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The report, by CRAC/Vitae and iCeGS, finds that universities remain ambitious to develop and grow their postgraduate research activity, but recognise that this will be challenging due to the availability of funding and international competition.

Other findings include:

  1. Institutions expect reduced demand from UK students as the level of undergraduate loans increases and funding for PGR remains tight, but they still seek modest growth from the UK student base.
  2. For the most part, institutions aim to increase PGR student numbers through recruitment of international students. They recognise increasing competition from European universities as provision in English grows but are confident that the UK PGR is internationally competitive.
  3. Supply and demand for PGR programmes is largely driven by the availability of funding, particularly for UK PG research students. Institutions report little difficulty in attracting highly qualified applicants.
  4. Postgraduate research students are strategically important to institutions’ research capacity and are considered integral to university culture. However, the introduction of the Research Council doctoral training centre model is increasing the concentration of PG research provision.
  5. The research confirms that the path from undergraduate study to postgraduate research can be complex and diverse. Recruitment processes vary greatly between institutions, disciplines and funding programmes.
  6. Widening participation is an issue for institutions, but defining what this means at PG research level is difficult, as is translating it into institutional strategies and measures.

International comparisons in postgraduate education: quality, access and employment outcomes

HEFCE-commissioned research by University of Oxford academics has looked at quality, access and employment outcomes in taught and research postgraduate education in Australia, England, Germany, India, Norway, Scotland, Spain and the United States. The research finds that these countries face similar challenges, but are pursuing different responses which are tailored to their educational cultures and socio-economic conditions.

The challenges identified include:

  • those associated with an expansion of higher education and a shift from elite to mass systems
  • perceived tensions between maintaining quality and increasing access to postgraduate education for all students who are capable of undertaking it
  • an increase in competition between institutions globally for postgraduate students.

In mainland Europe, the Bologna Process is perceived to have transformed the postgraduate landscape and acted as an impetus for several countries to restructure their provision to bring it in line with Bologna expectations.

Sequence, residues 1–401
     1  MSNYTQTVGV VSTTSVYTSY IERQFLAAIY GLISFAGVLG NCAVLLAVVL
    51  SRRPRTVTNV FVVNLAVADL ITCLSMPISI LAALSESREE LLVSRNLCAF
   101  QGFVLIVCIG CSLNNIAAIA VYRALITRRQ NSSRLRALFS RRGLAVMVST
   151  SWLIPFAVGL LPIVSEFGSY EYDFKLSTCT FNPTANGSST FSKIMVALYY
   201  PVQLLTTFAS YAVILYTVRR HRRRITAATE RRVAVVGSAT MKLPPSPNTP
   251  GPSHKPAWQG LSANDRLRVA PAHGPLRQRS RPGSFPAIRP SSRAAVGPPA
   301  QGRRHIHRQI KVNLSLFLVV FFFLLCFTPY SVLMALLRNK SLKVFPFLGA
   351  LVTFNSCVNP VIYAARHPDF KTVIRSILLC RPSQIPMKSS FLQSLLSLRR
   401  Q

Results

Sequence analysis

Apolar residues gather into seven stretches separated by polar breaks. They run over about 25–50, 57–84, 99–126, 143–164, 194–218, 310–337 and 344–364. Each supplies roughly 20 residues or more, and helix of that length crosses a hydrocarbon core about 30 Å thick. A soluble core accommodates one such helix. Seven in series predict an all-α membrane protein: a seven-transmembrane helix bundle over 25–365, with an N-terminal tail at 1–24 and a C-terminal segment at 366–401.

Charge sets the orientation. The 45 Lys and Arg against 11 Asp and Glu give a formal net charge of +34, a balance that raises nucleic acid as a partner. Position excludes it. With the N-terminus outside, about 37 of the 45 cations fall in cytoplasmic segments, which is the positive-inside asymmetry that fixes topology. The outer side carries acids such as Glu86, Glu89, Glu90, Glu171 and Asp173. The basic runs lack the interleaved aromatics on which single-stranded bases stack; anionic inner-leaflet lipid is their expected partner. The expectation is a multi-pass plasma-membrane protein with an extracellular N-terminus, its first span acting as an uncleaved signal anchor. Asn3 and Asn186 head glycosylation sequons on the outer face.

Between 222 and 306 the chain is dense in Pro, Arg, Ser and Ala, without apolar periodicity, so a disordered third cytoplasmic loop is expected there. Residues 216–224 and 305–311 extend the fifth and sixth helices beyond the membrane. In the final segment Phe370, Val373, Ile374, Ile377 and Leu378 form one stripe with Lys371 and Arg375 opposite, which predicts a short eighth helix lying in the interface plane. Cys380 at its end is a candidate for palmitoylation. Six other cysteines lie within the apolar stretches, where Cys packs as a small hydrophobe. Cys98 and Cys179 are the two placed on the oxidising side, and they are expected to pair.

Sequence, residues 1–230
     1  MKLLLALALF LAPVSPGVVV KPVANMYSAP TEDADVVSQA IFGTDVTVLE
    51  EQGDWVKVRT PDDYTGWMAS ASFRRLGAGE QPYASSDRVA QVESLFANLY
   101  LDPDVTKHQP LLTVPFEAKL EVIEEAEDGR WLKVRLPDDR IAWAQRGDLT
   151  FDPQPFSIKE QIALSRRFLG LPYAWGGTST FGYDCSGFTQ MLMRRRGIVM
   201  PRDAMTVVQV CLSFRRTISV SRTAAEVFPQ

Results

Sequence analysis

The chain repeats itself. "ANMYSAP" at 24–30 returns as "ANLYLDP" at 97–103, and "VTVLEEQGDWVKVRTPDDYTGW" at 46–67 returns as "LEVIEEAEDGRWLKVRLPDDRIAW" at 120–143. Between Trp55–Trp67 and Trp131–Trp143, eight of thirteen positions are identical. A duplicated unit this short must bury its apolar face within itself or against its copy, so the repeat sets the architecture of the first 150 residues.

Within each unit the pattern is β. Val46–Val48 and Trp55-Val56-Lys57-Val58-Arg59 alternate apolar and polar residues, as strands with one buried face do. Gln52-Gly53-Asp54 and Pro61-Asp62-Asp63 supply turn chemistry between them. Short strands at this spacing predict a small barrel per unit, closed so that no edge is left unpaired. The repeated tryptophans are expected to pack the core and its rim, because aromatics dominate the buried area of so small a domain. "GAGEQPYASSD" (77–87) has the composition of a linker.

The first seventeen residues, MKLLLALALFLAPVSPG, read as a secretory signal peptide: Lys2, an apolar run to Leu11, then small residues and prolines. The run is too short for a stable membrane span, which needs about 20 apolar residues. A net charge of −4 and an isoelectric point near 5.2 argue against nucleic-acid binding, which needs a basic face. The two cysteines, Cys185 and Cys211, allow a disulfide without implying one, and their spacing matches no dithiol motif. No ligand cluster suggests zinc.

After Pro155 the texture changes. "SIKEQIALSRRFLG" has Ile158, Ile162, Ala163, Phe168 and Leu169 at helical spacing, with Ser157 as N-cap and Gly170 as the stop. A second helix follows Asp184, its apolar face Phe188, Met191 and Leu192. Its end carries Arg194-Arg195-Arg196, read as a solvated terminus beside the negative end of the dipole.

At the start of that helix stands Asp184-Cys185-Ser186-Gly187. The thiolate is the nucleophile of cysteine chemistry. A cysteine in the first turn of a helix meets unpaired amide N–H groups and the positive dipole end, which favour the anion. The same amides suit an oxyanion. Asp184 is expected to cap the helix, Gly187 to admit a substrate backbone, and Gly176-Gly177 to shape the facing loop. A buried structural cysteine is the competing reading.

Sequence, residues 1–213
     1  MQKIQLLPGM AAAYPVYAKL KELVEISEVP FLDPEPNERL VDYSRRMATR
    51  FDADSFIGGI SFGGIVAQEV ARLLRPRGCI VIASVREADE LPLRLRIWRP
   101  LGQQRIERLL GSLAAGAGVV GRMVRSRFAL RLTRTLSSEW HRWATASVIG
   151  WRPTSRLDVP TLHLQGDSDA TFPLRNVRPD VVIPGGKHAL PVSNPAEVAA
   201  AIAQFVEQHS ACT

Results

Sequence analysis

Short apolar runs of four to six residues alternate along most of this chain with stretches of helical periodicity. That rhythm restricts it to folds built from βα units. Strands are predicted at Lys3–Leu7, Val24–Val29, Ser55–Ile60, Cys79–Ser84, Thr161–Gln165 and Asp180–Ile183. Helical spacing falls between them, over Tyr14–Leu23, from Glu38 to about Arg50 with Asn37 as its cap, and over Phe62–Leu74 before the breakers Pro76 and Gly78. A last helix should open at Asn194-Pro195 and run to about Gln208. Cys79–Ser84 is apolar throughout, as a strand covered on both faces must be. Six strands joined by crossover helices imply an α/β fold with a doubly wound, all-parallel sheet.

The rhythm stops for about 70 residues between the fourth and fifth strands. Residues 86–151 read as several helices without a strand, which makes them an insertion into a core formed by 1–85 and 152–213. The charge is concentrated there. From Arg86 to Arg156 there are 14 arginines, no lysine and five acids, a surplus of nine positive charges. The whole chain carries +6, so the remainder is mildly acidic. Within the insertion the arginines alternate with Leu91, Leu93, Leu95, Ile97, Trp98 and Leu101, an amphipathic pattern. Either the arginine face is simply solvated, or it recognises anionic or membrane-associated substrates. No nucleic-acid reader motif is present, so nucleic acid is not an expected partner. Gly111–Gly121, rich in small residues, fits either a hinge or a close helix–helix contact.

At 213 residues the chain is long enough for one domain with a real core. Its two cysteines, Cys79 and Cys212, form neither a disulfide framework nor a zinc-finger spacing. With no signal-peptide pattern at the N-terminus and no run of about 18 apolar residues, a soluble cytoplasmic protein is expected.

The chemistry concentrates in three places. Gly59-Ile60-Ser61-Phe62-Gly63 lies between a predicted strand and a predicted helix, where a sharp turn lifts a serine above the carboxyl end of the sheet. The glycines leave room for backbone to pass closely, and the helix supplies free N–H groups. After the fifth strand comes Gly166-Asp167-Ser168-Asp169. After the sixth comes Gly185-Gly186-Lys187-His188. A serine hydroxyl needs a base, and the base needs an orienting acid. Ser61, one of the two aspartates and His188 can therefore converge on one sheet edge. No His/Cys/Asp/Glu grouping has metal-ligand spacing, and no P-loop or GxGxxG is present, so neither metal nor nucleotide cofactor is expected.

Funding for postgraduate education is a significant concern in all countries, though there are marked differences between national systems, with some providing free higher education and others requiring students to use grants, bursaries and loans to fund 100 per cent of their education.

Across the postgraduate systems explored here, there is currently little agreement about who the ‘beneficiaries’ of postgraduate education are. Some countries view the benefits as more individually focused, while others cite the broader societal benefits of the most highly educated citizens. This suggests a need for policy development that balances the individual and wider societal benefits of postgraduate education.

Chris Millward, HEFCE Director (Policy), said:

‘Since the reforms to undergraduate education in 2012, HEFCE has been at the forefront of efforts to highlight the centrality of postgraduate education to a successful higher education sector, to improve understanding of its characteristics, and to develop effective responses to its most pressing challenges.

‘These reports provide further insight into the situation of postgraduate education in England, enabling us to understand the routes students take through to postgraduate research and institutions’ plans for the future, and how our postgraduate system compares with those in other countries.

‘Postgraduate education in England is recognised as a success throughout the world, but we need to continue to invest to sustain this position. A key priority identified in these reports is taught postgraduate education, which appears increasingly to be a route into research and is a central aspect of the landscape in other countries. This provides impetus for the work we are supporting through the Postgraduate Support Scheme, which is developing real solutions to the barriers to progression at this level.’

Notes

  1. The Vitae Researcher Development International Conference brings together those with a strategic and practical role in developing researchers. Vitae is co-funded by HEFCE and the other UK funding bodies, and by Research Councils UK.
  2. HEFCE published two reports today: